Few days ago, a music concert was organized at Srinagar’s famous Badamwari garden complex in Rainawari on the foothills of Hari Parbat. The music concert, which among other performers hosted Kashmir’s famous female singer Shazia Bashir, was suddenly attacked by a group of goons, who were apparently angered by what they perceived as an open propagation of “shameful” and “Un-Islamic” activities in a Muslim-majority Kashmir. The venue was vandalized, chairs were thrown, stage and expensive music apparatus was damaged and artists like Shazia Bashir barely managed to escape.
So, how did Kashmir reach such levels of cultural orthodoxy without anyone even questioning it?
One of the most damaging aspects of the nearly 32-year-old turmoil in Kashmir has been its rapid slide towards religious radicalism and nowhere has it been more pronounced than in Kashmiri society’s physical transformation into an orthodox Muslim community and its conservative attitude towards culture.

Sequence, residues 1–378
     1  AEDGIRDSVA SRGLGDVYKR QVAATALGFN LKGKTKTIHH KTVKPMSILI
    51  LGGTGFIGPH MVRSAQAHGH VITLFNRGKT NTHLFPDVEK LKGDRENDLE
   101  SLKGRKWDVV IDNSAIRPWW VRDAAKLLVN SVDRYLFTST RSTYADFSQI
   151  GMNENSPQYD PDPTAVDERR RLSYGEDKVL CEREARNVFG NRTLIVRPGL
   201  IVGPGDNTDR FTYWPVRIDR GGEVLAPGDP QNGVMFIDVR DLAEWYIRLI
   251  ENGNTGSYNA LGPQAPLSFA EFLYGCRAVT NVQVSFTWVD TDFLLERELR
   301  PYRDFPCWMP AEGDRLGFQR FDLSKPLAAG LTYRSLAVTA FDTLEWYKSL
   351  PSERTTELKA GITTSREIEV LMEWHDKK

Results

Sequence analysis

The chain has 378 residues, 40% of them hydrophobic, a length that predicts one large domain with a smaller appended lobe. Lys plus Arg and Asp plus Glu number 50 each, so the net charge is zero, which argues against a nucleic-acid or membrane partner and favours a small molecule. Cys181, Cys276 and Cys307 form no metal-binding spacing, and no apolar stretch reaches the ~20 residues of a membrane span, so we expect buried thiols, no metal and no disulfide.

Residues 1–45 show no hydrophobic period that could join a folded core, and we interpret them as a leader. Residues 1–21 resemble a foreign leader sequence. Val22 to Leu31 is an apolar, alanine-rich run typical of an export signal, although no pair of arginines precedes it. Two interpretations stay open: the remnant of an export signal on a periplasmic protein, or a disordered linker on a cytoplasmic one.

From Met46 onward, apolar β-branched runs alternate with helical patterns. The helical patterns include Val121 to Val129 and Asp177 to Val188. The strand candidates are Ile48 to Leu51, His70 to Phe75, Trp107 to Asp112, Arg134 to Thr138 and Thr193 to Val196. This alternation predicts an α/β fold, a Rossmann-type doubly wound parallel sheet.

If one were to look at old photos of Kashmir from 1950s to early 1980s, one would find an entirely different kind of Kashmiri Muslim society. The Arabization of Kashmir’s Muslim community that is now the dominant cultural identity marker was completely absent earlier. The Arabic veils, burqas, abayas were either not that prominent or completely absent among a large segment of Kashmiri Muslim population. The long orthodox beard by Muslim men was also very rare. In a way, while urban Kashmir was very liberal, progressive, modern and forward-looking with most Muslim women and men not sporting veils, scarves or long beards, rural Kashmir adhered to more traditional, non-Arabic Kashmiri costume.